If you can’t beat them…

…join them, they always say…and ever since the success of the instant Sibu kampua, there have been many others that have jumped on the bandwagon. Some are more expensive, others are more or less the same price and whether any of them are good or not, I wouldn’t know – I don’t think I would bother to go and try any of them unless someone tells me of one that is very much nicer.

Likewise, the Penang white curry instant noodles have taken the world by storm and is currently No. 1 in this blog, edging last year’s winners to No. 2 and No. 3 respectively. Of course, others have come out with their own of the same and I did hear of a brand that is better but no, I haven’t tried it yet. Correct me, if I am wrong, but one thing that I know about Penang curry mee is that it is usually served white like this…

Penang curry mee 1

…hence the name but once you’ve mixed the sambal (chili paste) with everything that’s in the bowl, it will be like any other curry mee in colour…

Penang curry mee 2

…but of course, the taste may differ from place to place and even in Penang itself, there may be some stalls or shops that are a lot better than others, exactly the same thing with our kampua noodles in Sibu.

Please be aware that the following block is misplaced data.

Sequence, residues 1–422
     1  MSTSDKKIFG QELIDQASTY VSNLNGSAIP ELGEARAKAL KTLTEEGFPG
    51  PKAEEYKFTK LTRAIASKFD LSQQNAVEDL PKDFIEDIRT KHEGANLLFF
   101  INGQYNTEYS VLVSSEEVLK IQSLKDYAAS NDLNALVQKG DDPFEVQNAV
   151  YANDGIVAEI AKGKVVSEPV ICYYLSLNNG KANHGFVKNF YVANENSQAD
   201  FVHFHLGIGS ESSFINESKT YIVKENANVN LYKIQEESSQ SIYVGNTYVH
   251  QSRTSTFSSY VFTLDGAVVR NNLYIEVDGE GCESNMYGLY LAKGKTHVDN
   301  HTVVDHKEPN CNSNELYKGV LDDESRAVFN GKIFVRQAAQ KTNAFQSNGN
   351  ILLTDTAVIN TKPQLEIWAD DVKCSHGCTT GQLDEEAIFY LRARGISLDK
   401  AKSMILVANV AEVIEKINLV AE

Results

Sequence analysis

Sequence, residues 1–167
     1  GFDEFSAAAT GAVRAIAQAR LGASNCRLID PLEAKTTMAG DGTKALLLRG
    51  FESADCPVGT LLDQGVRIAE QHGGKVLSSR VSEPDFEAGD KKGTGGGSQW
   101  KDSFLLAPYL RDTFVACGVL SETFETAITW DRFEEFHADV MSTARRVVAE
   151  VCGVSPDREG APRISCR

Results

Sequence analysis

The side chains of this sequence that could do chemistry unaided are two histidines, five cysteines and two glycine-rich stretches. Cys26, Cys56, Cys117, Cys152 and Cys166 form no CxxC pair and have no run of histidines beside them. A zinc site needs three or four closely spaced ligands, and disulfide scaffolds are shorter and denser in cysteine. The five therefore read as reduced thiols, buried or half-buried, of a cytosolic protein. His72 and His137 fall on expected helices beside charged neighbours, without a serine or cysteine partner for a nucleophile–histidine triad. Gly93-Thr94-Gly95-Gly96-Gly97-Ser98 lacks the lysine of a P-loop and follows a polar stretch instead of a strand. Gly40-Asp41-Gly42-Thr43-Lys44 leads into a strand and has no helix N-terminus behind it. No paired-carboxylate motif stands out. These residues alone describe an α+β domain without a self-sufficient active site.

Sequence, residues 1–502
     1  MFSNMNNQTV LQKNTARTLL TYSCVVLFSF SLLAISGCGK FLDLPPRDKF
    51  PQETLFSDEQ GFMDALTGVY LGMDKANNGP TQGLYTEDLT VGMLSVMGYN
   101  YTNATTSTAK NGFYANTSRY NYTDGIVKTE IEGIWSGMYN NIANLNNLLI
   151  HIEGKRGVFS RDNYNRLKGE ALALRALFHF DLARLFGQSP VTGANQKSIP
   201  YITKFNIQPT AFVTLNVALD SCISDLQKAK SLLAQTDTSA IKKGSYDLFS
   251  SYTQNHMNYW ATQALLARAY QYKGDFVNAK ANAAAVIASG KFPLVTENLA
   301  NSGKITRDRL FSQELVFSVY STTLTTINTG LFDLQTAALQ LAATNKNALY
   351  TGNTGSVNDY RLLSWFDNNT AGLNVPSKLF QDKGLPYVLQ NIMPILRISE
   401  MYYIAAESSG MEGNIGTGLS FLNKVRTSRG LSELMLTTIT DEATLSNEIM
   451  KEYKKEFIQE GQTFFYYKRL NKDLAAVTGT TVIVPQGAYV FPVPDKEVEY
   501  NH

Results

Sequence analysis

However, as far as I know, there is Kuching laksa, named after its place of origin, which is also called Sarawak laksa…but never in my entire life have I ever heard of Sarawak white laksa

Lee Fah Sarawak white laksa 1

– the Sarawak White Rajahs, yes…but not this and I really do not see how it should be thus called by mere virtue of the fact that now, they have included a sachet of santan (coconut milk) powder in each packet…

Sachets inside

I used to buy this a long long time ago when they had bihun in the packets – which is actually what you would get if you order Kuching or Sarawak laksa anywhere in the city or the state but for reasons known only to them, they stopped producing that, only the ones with mee/noodles…and I stopped buying it since.

I would give them due credit for the fact that their laksa does have the fragrance and taste of the real thing and I do know of people like my cousins in Kuching who would put aside the mee for use for something else at a later date and use their own bihun instead…and of course, like me, they would add their own condiments and garnishing…

Lee Fah Sarawak white laksa 2

…to come out with something that is more or less like the real thing without having to drive out for a bowl at the shops.

No, I did not buy any to try though I did see it in the shop, not when the price has almost doubled…from RM3.50 for to RM6.90 for a pack of 5. I am sure that little sachet of santan powder does not merit such an astronomical jump and as a matter of fact, I still would not think it is really worth that much even if they had added a sachet of sambal belacan and one of calamansi lime juice as well which are things that you simply cannot do without if you’re having Sarawak laksa – it’s the whole complete package.

However, my missus came home with a pack one fine day so since I had it at hand, I thought I might as well cook it and eat…

Lee Fah Sarawak white laksa 2